Federal Aquaculture Activities in CanadaThe Department of Fisheries and oceans (DFO) has assumed the lead federal agency role for aquaculture in Canada and has been primarily responsible for the development of the following papers:
1983 National Aquaculture Conference-Strategies for Aquaculture Development in Canada,
1984 Aquaculture: A Development Plan for Canada-Industry Task Force for the Science Council of Canada
1986 Developing Aquaculture in Canada-A Discussion Paper
1987 Report of Activities-Bilateral Scientific Working Group on Salmonid Introductions and Transfer, and 1988 - Commercial Aquaculture in Canada
A Proposed Strategy for Aquaculture was prepared in draft form in 1989.
The DFo has generally defined aquaculture as a fishery, but several provincial governments have given the lead aquaculture role to agricultural agencies. Most Canadian jurisdictions recognize the potential adverse impacts of aquaculture on wild fisheries, but believe that government should be making efforts to reduce unnecessary constraints on the aquaculture industry to support aquaculture through research and development, but not with capital; and to coordinate the involvement of diverse government departments so that aquaculture is not continually embroiled in red tape. The prevailing Canadian view recognizes risks in supporting aquaculture development while maintaining conservation of wild fisheries, but also recognizes that risk management implies regulation, not prohibition.
Arguments can be presented for or against the impact that governmental actions have had on the development of the industry. There is no doubt that strong research and extension educational programs supported by the federal and provincial governments have had a major impact. The industry has grown at a rapid rate in the past 5 years, and the opportunity for continued expansion is excellent.
Although regional center programs are just underway, it is clear that research, extension, and industry linkages have been strengthened. Recent testimony presented before government committees indicate strong industry support for these programs.Benefits of Aquaculture Expansion Meeting Increasing Food Fish Demand
Demands for fish and fishery products throughout the world are expected to continue expanding faster than products can be supplied. Data from the Food and Agriculture organization of the United Nations indicate the global supply of fish - the catch from the ocean, inland waters, and all farm-reared aquatic products increased 11% from 1982 through projections for 1988. During that period, the volume of fish traded among 162 nations increased 16% indicating more rapid increase in demand than in supply.
Imports of fish and fishery products into the United States were valued at $365 million in 1960 and $8.9 billion in 1988 when the imports consisted of $3.4 billion worth of nonedible products (animal feeds, industrial products, etc. ) and $5.5 billion for edible fishery products. Imports have expanded at an average rate of $860 million per year from 1982 to 1987, while exports increased at only $120 million per year. The annual per capita consumption of fish increased over 20% from 1975 to 1988, when the per capita rate reached 7.0 kg (15.0 Ibs); it is expected to be 13.6 kg (29.9 lb) by the year 2020. Based on data from the Food and Agriculture organization, the world's catch of fish (millions of metric tons) was 27 in 1954, 57 in 1966, 74 in 1976, 83 in 1984, and 90 in 1986. The catch has increased with the demand only because previously unused resources - those formerly classified as trash fish - are now being captured and processed into consumer-acceptable forms such as imitation crab, lobster, shrimp, and scallops (surimi analog products). The ocean's resources are recognized as finite, having an estimated maximum sustainable yield of about 100 to 120 million metric tons. The expansion of demand in a market with limited supply is expected to continue to drive prices up and make fish farming even more lucrative than it is today, when more than 11% of global fish landings are produced by aquaculture. The forecast is for the global yield from aquaculture to increase to 22 million metric tons by the year 2000, representing 25% of the world's harvest of aquatic organisms.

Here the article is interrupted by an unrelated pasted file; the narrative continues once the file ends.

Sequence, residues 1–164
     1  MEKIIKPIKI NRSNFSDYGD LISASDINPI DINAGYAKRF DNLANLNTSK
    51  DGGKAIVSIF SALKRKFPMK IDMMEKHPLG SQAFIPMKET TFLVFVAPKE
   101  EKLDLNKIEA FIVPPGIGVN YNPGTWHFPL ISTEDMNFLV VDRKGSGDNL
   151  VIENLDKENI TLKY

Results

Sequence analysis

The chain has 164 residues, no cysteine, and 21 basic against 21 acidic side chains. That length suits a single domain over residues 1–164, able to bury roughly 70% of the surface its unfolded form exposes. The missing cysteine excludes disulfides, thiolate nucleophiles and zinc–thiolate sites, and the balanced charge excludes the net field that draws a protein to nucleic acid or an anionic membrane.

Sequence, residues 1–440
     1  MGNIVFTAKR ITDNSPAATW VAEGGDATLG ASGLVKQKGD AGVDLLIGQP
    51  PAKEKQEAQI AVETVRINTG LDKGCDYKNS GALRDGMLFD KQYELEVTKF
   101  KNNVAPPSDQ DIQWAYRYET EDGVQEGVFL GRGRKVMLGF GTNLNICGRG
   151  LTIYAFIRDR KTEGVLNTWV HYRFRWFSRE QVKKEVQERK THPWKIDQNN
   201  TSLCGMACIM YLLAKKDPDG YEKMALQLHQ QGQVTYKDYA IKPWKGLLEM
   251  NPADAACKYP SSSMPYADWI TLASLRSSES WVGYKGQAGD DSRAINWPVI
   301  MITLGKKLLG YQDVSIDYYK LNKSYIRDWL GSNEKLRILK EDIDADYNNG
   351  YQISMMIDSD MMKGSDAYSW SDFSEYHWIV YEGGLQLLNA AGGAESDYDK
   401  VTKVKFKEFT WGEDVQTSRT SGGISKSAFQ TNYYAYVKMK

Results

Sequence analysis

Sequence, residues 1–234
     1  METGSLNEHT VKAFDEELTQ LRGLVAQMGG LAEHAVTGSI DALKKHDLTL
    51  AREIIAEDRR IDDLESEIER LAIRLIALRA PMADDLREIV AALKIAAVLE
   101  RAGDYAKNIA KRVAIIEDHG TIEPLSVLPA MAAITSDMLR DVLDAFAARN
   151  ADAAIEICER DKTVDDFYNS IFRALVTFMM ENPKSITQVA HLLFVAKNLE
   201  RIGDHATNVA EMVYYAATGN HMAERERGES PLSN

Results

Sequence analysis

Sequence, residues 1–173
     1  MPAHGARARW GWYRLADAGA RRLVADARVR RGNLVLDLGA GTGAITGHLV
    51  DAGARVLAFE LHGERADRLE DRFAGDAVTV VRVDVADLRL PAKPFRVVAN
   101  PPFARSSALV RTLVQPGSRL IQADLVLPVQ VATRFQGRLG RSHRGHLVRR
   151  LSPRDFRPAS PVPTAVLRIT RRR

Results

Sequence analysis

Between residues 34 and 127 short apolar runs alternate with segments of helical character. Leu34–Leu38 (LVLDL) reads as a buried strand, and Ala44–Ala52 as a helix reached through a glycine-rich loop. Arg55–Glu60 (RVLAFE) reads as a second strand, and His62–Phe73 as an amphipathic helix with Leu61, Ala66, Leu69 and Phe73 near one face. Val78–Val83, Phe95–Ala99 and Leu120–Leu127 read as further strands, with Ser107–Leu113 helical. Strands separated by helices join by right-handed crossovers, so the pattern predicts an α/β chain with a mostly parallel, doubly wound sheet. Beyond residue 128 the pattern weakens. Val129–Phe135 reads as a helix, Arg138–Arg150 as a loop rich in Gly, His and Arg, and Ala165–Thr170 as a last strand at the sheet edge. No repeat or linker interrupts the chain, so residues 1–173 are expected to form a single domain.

Meeting Increased Sport Fishing Demand
According to a survey conducted by the Fish and Wildlife ice in 1985, 58 million anglers spent $28.2 billion in 987 on angler days. Sport fishing is projected to double by year 2030. The fishing pressure on public waters is cted to increase much more rapidly than the ability of .esource to produce. Even today some anglers have doned public waters to fish in more productive private rs. Many U.S. citizens are willing to buy catchable fish locking in private ponds for recreational purposes. Others are willing to pay sizable fees to enjoy quality fishing private waters.
Aquaculturists are producing hybrids of striped bass and bass, Florida strain largemouth bass, and other warmr species for food and sport. Some anglers have paid per day for the opportunity to catch 3-kg trophy-sized in private waters, and other fishermen routinely pay l the off-season and $165 per day in the peak season l for 1- to 2-kg fish. Adoption of the user-pay philosophy nag been evident in private hunting clubs and on game gement areas requiring special licenses and fees. The growing popularity of fee-fishing operations offers expanded opportunities for selling farm-raised fish for recreational purposes.
The catch from privately owned fee-fishing operations is frequently so high that it resembles a supermarket activity. single day, anglers have harvested over 500 kg of channel catfish from a 0.1-hectare pond. Activities such as may relieve the fishing pressure and certainly provide recreational opportunities in excess of those available on . waters. In many locations, public waters are already managed as catch-and-release fisheries. If fishing pressure increases as projected, a greater percentage of the commercially captured fish will be redirected to recreational es, i.e., some fisheries will become more valuable as recreational than as commercial species. Farm-raised fish are exptected to become increasingly important for food and recreational purposes.